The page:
WASHINGTON -- Secret Service director Julia Pierson has demoted the supervisor of one of the agency's largest divisions and reassigned nearly two dozen members of its staff, part of a broader cleanup effort in the wake of embarrassing drinking incidents on two recent presidential trips, according to three people familiar with the moves.
The agency also has ordered stricter rules on drinking for the division, known as special operations, forbidding them from drinking alcohol within 12 hours of reporting for duty and 24 hours before the president's arrival at any trip location.
Five employees of special operations were implicated in misconduct ahead of trips by President Barack Obama last month to the Netherlands and Miami. The division is central to the agency's efforts to ensure the safety of Mr. Obama and his family, and includes agents and officers trained for unique protective roles such as counter assault, emergency response and rooftop sniper teams.
A Secret Service spokesman confirmed the reassignment of multiple employees in the division but declined to provide details or elaborate on why they were moved. The spokesman also declined to discuss the removal of Dan Donahue as the special agent in charge of the division.
"Personnel are being reassigned as a result of staffing rotations and as a result of assessments made after two recent incidents of misconduct," agency spokesman Ed Donovan said. "Director Pierson maintains a zero-tolerance policy regarding incidents of misconduct and continues to evaluate the best human capital practices and policies for the workforce."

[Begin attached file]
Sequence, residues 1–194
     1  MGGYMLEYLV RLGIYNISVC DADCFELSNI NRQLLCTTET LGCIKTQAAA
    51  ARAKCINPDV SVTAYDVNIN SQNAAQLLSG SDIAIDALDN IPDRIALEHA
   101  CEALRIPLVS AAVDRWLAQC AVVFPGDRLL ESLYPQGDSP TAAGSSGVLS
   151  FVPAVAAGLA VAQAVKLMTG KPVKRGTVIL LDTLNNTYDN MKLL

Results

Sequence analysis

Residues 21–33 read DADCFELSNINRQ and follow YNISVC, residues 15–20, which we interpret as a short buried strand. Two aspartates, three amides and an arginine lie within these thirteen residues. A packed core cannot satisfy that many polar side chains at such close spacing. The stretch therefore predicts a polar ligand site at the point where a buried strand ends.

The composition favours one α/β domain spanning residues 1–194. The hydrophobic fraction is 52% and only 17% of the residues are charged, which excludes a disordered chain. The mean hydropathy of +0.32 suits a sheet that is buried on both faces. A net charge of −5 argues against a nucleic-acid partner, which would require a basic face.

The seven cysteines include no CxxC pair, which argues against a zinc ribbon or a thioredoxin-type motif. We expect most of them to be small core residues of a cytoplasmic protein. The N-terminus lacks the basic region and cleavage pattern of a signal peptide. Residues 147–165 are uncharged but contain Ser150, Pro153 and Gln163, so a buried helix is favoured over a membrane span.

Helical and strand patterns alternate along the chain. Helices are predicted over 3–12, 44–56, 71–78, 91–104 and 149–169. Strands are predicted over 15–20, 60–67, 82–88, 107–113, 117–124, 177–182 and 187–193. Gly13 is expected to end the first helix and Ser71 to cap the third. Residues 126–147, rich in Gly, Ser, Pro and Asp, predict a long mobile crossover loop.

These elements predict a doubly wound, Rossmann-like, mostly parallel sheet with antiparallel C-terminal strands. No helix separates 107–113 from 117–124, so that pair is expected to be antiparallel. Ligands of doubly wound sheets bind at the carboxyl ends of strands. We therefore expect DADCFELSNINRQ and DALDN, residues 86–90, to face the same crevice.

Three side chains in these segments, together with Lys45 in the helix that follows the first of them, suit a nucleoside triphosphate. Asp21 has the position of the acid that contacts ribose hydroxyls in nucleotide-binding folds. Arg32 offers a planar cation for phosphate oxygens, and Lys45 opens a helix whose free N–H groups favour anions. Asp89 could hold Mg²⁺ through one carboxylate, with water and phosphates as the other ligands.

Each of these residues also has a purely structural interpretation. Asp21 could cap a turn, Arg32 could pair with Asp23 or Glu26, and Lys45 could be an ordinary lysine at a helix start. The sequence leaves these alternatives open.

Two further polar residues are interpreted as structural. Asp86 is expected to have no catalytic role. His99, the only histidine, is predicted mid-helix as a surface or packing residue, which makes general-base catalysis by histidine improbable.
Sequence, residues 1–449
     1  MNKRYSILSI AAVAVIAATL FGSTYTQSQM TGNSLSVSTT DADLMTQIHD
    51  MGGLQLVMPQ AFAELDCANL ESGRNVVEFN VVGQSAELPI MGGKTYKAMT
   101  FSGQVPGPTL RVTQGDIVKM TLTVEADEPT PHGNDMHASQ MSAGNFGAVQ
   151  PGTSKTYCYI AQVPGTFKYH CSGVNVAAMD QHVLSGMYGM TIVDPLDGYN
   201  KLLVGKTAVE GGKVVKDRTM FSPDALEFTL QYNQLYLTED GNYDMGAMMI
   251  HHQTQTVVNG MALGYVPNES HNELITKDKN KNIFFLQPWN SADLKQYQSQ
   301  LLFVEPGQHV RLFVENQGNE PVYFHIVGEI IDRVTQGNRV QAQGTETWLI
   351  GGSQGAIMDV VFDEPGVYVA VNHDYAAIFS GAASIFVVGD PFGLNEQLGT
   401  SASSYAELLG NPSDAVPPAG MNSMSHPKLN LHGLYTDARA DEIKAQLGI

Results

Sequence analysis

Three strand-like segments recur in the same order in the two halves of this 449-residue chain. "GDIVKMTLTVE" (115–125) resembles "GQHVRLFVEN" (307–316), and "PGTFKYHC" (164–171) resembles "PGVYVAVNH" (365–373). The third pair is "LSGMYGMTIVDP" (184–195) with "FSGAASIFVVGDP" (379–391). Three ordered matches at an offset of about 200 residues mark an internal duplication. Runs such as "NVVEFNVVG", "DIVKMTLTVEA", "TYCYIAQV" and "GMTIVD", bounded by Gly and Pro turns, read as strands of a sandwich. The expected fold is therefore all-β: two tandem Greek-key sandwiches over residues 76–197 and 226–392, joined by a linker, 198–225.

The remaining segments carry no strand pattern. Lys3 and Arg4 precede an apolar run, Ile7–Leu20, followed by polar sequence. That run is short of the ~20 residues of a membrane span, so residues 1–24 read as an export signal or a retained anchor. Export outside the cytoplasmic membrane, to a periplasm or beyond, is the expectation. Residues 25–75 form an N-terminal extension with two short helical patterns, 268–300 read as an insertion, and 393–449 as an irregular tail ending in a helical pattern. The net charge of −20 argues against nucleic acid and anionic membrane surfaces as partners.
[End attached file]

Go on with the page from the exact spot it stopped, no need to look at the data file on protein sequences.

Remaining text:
Mr. Donahue ordered the tougher drinking rules in the wake of news coverage of alcohol-fueled incidents involving his employees in the Florida Keys and the Netherlands last month, according to an official familiar with the change.
Starting Tuesday, Mike Rolin, former deputy supervisor overseeing the Secret Service's Washington field office, took over the special operations division, the official and another person briefed on the move said. Both men declined requests for comment or interviews through the Secret Service.
The beleaguered agency has been struggling for two years to recover from a high-profile drinking-and-prostitution scandal ahead of Mr. Obama's visit to Cartagena, Colombia, for a regional summit in April 2012. The latest incidents have brought fresh embarrassment to the service and harsh new questions for Ms. Pierson in Congress.
Wisconsin Sen. Ronald Johnson, ranking Republican on the Homeland Security and Government Affairs investigative subcommittee, said in an interview Tuesday that he remains concerned about the Secret Service's problems and whether the new rules will end them.
In the Netherlands, three Secret Service agents responsible for protecting Mr. Obama on a trip to a nuclear summit there March 24 were sent home after going out for a night of drinking the Saturday before. One agent had been found passed out Sunday morning in the hallway of his hotel, where Mr. Obama was scheduled to arrive the next day. All three were put on administrative leave based on supervisors' conclusion that they had violated agencywide rules that barred drinking within 10 hours of reporting for their shifts.
Ms. Pierson was about to celebrate her first year on the job as director and learned of the incident while traveling with Mr. Obama and other administration officials on Air Force One en route to Amsterdam.
Ms. Pierson had warned supervisors ahead of the overseas trip that she was already unhappy about another incident of misconduct in south Florida in early March, when two counter-sniper officers suspected of drinking had a car accident just before the first family's arrival in the area.